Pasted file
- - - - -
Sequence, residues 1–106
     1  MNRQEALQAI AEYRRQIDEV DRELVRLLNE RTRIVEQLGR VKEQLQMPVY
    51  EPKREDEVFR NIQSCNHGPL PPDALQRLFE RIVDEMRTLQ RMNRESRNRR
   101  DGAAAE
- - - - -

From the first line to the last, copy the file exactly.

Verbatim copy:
Sequence, residues 1–106
     1  MNRQEALQAI AEYRRQIDEV DRELVRLLNE RTRIVEQLGR VKEQLQMPVY
    51  EPKREDEVFR NIQSCNHGPL PPDALQRLFE RIVDEMRTLQ RMNRESRNRR
   101  DGAAAE